The Witch Upstairs: Patsy Kelly in Rosemary’s Baby

In Rosemary’s Baby, one of the first exclamations that Minnie Castevet (Ruth Gordon) makes on hearing the news that her young neighbor Rosemary (Mia Farrow) is expecting a little bundle of joy is “I can’t wait to tell Laura-Louise!” Earlier, before we even met Minnie, we overheard Gordon’s indelible squawk seeping through our heroine’s bedroom wall as she obscurely yelled at her husband, “Please don’t tell me what Laura-Louise said, because I’m not interested!”

So who is Laura-Louise, anyway? As any avid Rosemary’s Baby fan knows, she is an essential ingredient in the film, even if used in very small doses. Surely you remember her. She’s the nosy and nearsighted middle-aged woman in Coke-bottle glasses, with a mass of disheveled gray hair on her head and a slight limp when she duckwalks past the camera. Like Rosemary and Minnie, she lives in the Bramford, “up on twelve.” We know nothing of her past, so she exists only as a fixture of the present, a hobgoblin perched in the corner of many a frame. It’s clear that, being a witch, she’s got a mean streak, but her most aggressive act of retribution—which comes in the film’s famous final scene—is as benign as can be. Angry after being taken off cradle-rocking duties, Laura-Louise sticks out her tongue at Rosemary. It’s a gesture of hilarious, ordinary childishness; the tongue’s not forked or anything.

Laura-Louise is quite a creation. In his novel, Ira Levin dispatches with her introduction in three adjectives: “short, plump, and smiling.” In the movie, the brilliant Patsy Kelly fills in the rest. A Brooklyn-born Hollywood golden-ager who tickled audiences in a series of early-sound-era Hal Roach Studios Vitaphone shorts with her fellow comedian Thelma Todd, Kelly stole scenes in more than twenty features from the mid-1930s to 1943. Known as a consummate ad-libber, the vaudeville-trained Kelly issued oddly nasal yet throaty vocal stylings that sound like a salty mix of Edward G. Robinson and Kristen Wiig’s “Target Lady.” Her physical trademark was a stoop-shouldered, loose-limbed gracelessness that belied a certain agility—she had studied dance as a teenager, because her mother hoped it would knock the tomboy out of her. Kelly had a knack for creating eccentric women incapable of taking guff, whether a wisecracking maid (Top Flat), sassy shopgirl (There Goes My Heart), or squabbling wife (Pigskin Parade). She was even brasher offscreen: Kelly is widely acknowledged today as one of Hollywood’s most unabashedly candid figures, an uncloseted lesbian in an era when admittance of homosexuality was practically unheard of. (Later in life, Kelly revealed she had had a long affair with the legendary Tallulah Bankhead, whose personal assistant she’d been.) Naturally, her outspokenness doomed her career. As Hollywood columnist Lee Graham would write, “Hollywood wouldn’t forgive that she went around with mannish women, wore slacks in public, cursed and swore, and told off-color jokes at lesbian bars and clubs. They figured she was a scandal waiting to happen.” As a result, she was cast in no films from 1943 to 1960, and found only scattered parts thereafter.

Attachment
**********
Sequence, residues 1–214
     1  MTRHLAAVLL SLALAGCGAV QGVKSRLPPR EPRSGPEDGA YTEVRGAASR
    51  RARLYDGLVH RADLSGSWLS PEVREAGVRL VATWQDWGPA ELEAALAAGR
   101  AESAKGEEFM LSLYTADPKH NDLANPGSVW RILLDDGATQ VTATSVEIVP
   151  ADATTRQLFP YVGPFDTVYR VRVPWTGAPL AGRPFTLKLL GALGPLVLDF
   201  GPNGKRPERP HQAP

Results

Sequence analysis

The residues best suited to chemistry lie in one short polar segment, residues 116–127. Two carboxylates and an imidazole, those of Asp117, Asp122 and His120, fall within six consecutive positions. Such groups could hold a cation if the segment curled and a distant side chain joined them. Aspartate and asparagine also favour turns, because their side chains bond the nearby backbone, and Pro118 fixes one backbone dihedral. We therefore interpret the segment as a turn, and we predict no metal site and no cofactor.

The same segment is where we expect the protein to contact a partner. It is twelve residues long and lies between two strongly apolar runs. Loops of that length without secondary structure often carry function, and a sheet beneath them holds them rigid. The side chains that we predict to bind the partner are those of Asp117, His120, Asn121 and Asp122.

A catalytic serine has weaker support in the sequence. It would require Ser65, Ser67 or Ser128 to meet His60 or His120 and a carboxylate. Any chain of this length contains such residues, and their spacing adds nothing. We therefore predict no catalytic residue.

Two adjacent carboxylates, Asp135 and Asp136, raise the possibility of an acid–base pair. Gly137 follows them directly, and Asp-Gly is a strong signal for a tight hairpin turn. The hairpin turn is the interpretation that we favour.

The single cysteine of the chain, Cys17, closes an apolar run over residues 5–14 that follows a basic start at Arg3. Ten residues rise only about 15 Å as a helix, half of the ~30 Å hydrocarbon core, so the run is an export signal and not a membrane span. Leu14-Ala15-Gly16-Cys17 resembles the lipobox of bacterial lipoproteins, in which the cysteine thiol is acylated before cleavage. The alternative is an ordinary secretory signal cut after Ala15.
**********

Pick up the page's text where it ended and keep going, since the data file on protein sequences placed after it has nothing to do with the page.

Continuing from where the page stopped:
She was fifty-eight when she appeared in Rosemary’s Baby (1968) and gave a new generation of viewers a taste of her expertly oddball comic mannerisms. Kelly is on-screen for less than five minutes total, but Roman Polanski’s screwy work of horror is unthinkable without her. Laura-Louise is a sort of slightly buffoonish mascot for the film, a banal demon. When not helping to plan the forcible insemination of a woman by Satan, she scans Reader’s Digest with a magnifying glass or oohs and aahs over a new couch. You might expect one of the devil’s babysitters to be made of sterner stuff, but Laura-Louise is quite jumpy—like when she clutches at her heart after being startled awake by Rosemary, whom she’s supposed to be guarding. And it's her hysterical shriek on seeing the kitchen knife wielded by the young mother that breaks the silence of the final scene. She’s also especially great in the brief cutaway shots that give the film so much of its unique texture, thanks to her expressive features and animated delivery—see her fingers curling into talons when she delightedly tells Rosemary to gander at her newborn son’s presumably monstrous feet.

But it’s probably Laura-Louise’s most mundane moments that stick the hardest. She reminds us she’s an old pro at scene-stealing in her first moments on-screen. Here, Laura-Louise’s only evil is intrusiveness. Minnie has brought her over to Rosemary’s apartment, as uninvited as herself, and the two biddies take out their knitting and needlepoint and get comfortable on the younger woman’s couch—an unwanted sewing circle.

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